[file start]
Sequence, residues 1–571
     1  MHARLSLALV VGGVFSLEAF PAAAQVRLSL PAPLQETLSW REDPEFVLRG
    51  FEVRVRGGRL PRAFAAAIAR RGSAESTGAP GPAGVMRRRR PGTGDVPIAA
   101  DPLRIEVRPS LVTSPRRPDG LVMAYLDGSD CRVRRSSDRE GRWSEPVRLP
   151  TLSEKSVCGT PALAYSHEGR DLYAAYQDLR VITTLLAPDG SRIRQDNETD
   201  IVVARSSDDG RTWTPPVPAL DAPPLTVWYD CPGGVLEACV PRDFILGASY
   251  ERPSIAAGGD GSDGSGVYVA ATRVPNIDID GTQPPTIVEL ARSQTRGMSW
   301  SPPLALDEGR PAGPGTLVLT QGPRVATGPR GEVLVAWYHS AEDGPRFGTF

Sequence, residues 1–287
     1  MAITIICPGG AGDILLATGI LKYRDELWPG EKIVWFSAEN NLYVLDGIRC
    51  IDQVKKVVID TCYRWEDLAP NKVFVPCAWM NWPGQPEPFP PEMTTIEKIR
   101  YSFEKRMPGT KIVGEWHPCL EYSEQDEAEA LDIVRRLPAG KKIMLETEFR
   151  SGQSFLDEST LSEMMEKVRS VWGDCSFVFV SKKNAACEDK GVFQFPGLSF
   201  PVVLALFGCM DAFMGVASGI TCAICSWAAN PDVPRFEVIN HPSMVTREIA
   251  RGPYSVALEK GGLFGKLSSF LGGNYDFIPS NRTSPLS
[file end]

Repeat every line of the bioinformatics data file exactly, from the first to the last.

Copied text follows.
Sequence, residues 1–571
     1  MHARLSLALV VGGVFSLEAF PAAAQVRLSL PAPLQETLSW REDPEFVLRG
    51  FEVRVRGGRL PRAFAAAIAR RGSAESTGAP GPAGVMRRRR PGTGDVPIAA
   101  DPLRIEVRPS LVTSPRRPDG LVMAYLDGSD CRVRRSSDRE GRWSEPVRLP
   151  TLSEKSVCGT PALAYSHEGR DLYAAYQDLR VITTLLAPDG SRIRQDNETD
   201  IVVARSSDDG RTWTPPVPAL DAPPLTVWYD CPGGVLEACV PRDFILGASY
   251  ERPSIAAGGD GSDGSGVYVA ATRVPNIDID GTQPPTIVEL ARSQTRGMSW
   301  SPPLALDEGR PAGPGTLVLT QGPRVATGPR GEVLVAWYHS AEDGPRFGTF

Sequence, residues 1–287
     1  MAITIICPGG AGDILLATGI LKYRDELWPG EKIVWFSAEN NLYVLDGIRC
    51  IDQVKKVVID TCYRWEDLAP NKVFVPCAWM NWPGQPEPFP PEMTTIEKIR
   101  YSFEKRMPGT KIVGEWHPCL EYSEQDEAEA LDIVRRLPAG KKIMLETEFR
   151  SGQSFLDEST LSEMMEKVRS VWGDCSFVFV SKKNAACEDK GVFQFPGLSF
   201  PVVLALFGCM DAFMGVASGI TCAICSWAAN PDVPRFEVIN HPSMVTREIA
   251  RGPYSVALEK GGLFGKLSSF LGGNYDFIPS NRTSPLS